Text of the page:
A new partnership between the Australian Federal Police and Commonwealth Bank will tackle the growing issues of cyberbullying and online exploitation of children, boosting the reach and education efforts of the ThinkUKnow cyber safety program.
Since June 2014, 20 per cent of children/teenagers aged between 8 and 17—or 463,000—have been victims of cyberbullying. There has also been a 54 per cent increase in reports of child exploitation related matters in the past financial year (received by the AFP).
The ThinkUKnow program helps keep Australian children safe by raising awareness of the risks and opportunities presented by technology. Under the program, internet safety sessions are delivered to parents, carers and teachers at schools and other community organisations.
Since the ThinkUKnow program launched in 2009, more than 37 000 parents, carers, teachers, and community members have participated in the initiative.
Minister for Justice Michael Keenan announced the partnership at Sydney’s Malabar Public School this morning with Commonwealth Bank CIO David Whiteing and AFP Deputy Commissioner Graham Ashton.
Having the Commonwealth Bank—Australia’s largest bank—sign on as a partner will significantly expand the program, allowing more parents, carers and teachers across Australia to receive cyber safety sessions.
ThinkUKnow’s focus on parents recognises that children and young people often out pace their parents in the adoption of new technologies.
A growing number are engaging with ‘friends’ and ‘followers’ via Facebook, Instagram, SnapChat and Kik, and 95 per cent of children now use the internet regularly, with eight-year-olds online daily. For 41 per cent of children, it serves as their ‘second screen’ between 7 and 9pm on school nights.
AFP Deputy Commissioner Graham Ashton said as kids continue engaging online using various social media accounts, usually several at a time, establishing good cyber safety behaviours early has become more important than ever.
“The AFP, together with our industry and police partners, remain committed to ensuring the safety of all Australian children online and making the internet a safer environment for our digital generation,” Deputy Commissioner Ashton said.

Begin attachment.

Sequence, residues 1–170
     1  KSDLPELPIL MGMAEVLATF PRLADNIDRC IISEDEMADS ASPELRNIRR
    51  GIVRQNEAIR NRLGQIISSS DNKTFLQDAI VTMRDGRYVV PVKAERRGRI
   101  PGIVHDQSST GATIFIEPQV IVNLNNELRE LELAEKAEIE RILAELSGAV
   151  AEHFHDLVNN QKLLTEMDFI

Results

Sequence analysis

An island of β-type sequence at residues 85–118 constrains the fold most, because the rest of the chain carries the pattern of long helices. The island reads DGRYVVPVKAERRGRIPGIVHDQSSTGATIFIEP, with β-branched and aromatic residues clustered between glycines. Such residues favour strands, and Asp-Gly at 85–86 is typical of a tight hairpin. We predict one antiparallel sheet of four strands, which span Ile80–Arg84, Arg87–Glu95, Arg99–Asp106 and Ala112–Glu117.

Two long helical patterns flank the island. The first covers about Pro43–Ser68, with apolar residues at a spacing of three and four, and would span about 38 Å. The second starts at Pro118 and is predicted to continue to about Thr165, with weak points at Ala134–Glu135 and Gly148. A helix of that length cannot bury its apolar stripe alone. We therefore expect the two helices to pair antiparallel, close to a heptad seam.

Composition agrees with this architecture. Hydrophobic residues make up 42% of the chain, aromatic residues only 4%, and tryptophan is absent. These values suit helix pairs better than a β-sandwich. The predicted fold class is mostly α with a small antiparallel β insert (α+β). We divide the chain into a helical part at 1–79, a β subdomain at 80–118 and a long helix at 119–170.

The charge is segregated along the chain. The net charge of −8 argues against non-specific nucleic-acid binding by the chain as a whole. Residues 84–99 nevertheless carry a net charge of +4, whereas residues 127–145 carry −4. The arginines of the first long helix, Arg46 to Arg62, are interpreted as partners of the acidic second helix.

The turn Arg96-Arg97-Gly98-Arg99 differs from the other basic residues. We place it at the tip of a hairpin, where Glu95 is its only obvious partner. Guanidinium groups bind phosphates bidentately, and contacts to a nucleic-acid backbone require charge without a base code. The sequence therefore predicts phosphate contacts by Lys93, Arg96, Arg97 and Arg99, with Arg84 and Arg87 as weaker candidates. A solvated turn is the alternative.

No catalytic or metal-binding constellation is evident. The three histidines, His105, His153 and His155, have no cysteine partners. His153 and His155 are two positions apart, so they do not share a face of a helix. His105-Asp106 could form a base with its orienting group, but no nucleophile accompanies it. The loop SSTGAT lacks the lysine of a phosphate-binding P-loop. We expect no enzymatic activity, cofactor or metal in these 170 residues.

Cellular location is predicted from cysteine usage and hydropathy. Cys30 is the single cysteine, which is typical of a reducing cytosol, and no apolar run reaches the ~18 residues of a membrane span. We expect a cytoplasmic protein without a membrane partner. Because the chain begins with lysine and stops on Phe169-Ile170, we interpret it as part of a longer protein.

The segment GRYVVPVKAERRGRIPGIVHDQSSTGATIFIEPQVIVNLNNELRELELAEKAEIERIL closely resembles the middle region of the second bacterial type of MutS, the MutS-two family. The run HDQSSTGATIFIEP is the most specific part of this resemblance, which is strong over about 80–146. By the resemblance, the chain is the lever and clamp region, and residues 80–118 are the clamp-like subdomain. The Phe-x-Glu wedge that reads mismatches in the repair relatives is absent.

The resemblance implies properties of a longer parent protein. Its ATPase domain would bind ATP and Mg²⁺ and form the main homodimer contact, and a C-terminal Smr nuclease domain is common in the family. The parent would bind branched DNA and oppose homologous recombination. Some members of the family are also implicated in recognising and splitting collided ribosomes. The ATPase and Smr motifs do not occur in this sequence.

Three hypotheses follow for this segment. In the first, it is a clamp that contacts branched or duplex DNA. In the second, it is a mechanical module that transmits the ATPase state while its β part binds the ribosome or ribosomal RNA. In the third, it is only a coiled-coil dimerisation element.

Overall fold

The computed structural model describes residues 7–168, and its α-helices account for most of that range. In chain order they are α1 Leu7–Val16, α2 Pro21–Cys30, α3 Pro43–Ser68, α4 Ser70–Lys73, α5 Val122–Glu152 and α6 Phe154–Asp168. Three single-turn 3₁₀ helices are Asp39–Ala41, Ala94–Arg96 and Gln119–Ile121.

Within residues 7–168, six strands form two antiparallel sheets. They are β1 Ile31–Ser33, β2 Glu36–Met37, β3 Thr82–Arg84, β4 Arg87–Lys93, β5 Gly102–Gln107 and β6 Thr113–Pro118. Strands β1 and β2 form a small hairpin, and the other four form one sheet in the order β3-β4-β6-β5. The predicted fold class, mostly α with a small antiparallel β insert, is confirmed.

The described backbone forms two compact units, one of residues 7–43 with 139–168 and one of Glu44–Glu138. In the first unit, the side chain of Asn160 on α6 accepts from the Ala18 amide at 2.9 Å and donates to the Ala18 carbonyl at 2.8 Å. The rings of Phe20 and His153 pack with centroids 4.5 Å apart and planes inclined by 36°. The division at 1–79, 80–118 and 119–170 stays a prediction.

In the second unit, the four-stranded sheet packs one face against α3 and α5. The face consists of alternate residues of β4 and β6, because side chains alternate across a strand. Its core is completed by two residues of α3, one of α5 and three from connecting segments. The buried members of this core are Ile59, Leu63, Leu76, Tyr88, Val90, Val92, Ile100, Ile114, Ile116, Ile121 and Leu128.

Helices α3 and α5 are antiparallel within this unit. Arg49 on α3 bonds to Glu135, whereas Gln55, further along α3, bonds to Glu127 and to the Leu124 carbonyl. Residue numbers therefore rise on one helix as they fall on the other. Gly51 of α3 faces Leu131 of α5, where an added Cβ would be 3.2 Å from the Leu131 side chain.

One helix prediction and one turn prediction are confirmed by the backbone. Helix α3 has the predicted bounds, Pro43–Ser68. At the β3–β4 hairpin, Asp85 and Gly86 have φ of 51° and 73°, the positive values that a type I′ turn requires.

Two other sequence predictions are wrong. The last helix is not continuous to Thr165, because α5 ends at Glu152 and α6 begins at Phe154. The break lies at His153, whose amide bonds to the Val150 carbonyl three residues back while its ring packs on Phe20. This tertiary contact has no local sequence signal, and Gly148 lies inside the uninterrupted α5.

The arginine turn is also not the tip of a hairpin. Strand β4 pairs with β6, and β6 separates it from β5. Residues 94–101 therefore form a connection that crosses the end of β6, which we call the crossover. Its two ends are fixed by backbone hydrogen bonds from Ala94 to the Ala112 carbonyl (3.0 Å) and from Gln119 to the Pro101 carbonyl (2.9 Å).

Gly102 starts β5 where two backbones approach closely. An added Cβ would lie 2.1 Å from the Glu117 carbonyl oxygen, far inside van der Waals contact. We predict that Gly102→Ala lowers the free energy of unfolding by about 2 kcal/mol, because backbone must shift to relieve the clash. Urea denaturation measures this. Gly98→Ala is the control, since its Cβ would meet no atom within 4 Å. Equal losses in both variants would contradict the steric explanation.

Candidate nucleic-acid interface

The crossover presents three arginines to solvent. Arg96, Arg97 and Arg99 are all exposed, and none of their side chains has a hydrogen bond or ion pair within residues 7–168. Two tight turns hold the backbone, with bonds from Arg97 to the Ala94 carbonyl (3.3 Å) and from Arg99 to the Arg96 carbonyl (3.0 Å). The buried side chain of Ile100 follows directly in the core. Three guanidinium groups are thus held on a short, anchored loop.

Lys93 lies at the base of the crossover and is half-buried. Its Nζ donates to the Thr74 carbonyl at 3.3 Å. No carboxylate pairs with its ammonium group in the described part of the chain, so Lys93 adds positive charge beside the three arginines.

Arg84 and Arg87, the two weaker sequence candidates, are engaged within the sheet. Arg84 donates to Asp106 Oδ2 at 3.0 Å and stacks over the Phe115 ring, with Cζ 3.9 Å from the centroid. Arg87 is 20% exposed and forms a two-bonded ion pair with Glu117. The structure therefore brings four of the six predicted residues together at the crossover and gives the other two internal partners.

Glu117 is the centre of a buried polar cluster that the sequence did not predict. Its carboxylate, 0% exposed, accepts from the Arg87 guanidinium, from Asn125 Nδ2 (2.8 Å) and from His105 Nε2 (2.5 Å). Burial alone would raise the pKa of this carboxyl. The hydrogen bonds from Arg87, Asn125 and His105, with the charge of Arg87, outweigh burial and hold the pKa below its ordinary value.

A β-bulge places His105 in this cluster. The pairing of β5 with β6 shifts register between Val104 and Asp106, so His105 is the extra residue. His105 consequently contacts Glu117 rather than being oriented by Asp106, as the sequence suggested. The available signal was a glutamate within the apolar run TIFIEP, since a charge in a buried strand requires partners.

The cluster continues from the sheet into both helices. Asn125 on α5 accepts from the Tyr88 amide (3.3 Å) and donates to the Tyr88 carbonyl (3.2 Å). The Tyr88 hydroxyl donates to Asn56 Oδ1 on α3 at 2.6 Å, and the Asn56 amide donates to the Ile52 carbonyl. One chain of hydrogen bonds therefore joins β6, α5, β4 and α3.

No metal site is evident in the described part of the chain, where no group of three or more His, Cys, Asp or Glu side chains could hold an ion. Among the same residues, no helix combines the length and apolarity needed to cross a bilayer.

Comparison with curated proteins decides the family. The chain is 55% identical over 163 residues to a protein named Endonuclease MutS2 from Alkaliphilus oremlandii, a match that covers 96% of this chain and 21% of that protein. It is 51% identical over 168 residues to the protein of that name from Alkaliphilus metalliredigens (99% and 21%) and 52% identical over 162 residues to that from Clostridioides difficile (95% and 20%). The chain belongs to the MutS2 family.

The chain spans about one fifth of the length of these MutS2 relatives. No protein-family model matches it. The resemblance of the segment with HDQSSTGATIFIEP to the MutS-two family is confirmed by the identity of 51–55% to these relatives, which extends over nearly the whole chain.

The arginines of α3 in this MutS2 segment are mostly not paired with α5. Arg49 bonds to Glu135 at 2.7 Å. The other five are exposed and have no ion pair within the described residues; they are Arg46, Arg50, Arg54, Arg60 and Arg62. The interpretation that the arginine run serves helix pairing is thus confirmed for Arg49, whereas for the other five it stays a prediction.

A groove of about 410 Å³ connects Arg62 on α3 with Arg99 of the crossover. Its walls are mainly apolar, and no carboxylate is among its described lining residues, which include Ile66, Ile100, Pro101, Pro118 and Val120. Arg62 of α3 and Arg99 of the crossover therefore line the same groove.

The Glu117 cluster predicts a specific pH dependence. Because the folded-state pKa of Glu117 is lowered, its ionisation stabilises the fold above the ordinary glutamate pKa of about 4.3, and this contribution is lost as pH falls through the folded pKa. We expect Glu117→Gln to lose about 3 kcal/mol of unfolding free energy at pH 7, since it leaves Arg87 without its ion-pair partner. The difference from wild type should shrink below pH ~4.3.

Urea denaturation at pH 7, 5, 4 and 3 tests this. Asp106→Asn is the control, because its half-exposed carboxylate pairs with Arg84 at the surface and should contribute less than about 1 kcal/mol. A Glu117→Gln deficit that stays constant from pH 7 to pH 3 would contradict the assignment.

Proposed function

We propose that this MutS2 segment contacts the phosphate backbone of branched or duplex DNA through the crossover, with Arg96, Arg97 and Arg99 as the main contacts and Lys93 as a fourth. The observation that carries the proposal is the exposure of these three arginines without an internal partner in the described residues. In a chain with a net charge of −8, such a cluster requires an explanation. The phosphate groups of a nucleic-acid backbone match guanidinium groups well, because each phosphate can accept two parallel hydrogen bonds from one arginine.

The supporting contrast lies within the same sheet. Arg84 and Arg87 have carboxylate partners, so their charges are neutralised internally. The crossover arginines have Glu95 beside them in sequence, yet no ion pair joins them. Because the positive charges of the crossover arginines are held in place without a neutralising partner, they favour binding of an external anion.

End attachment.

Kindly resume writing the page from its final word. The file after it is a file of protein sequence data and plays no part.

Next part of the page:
“It is crucial we empower parents and carers and give them the tools and strategies to help keep our kids safe in the physical as well as ‘virtual’ world.”
Commonwealth Bank Chief Information Officer David Whiteing said he was proud to partner with the Australian Federal Police and industry to support the award-winning cyber safety program.
“Commonwealth Bank has a long history of helping teach children about money and saving through our school banking and financial literacy programs. In today’s digital age with more saving and spending occurring online, cyber awareness and cyber literacy are a natural extension of our long-standing role in the community,” Mr Whiteing said.
“From our involvement with the ThinkUKnow program to date, we can already see what a big difference it makes and how grateful parents and teachers are to have the knowledge and support to help keep kids safe online.”
As a partner, Commonwealth Bank will provide volunteers to deliver cyber safety sessions across the country, in partnership with law enforcement officers and founding industry partners Microsoft and Datacom, as part of a three-year sponsorship agreement. It will also help promote the program’s cyber safety sessions to the community.
For further information and resources on ThinkUKnow or to register your school for a free presentation, go to http://www.thinkuknow.org.au/.
The ThinkUKnow brand was originally developed by the Child Exploitation and Online Protection Centre (CEOP), a division of the National Crime Agency in the UK and is licenced in Australia to the Australian Federal Police.
ThinkUKnow Australia is a law enforcement and industry partnerships, incorporating the AFP, Microsoft Australia, Datacom and now Commonwealth Bank.
ThinkUKnow is delivered in partnership with:
• Neighbourhood Watch Australasia
• New South Wales Police Force
• Northern Territory Police
• Queensland Police Service
• South Australia Police
• Western Australia Police
• Tasmania Police
• ACT Policing.
ThinkUKnow, together with its partners, aims to educate both adults and young people about the risks online and how to create a safer online experience for young people.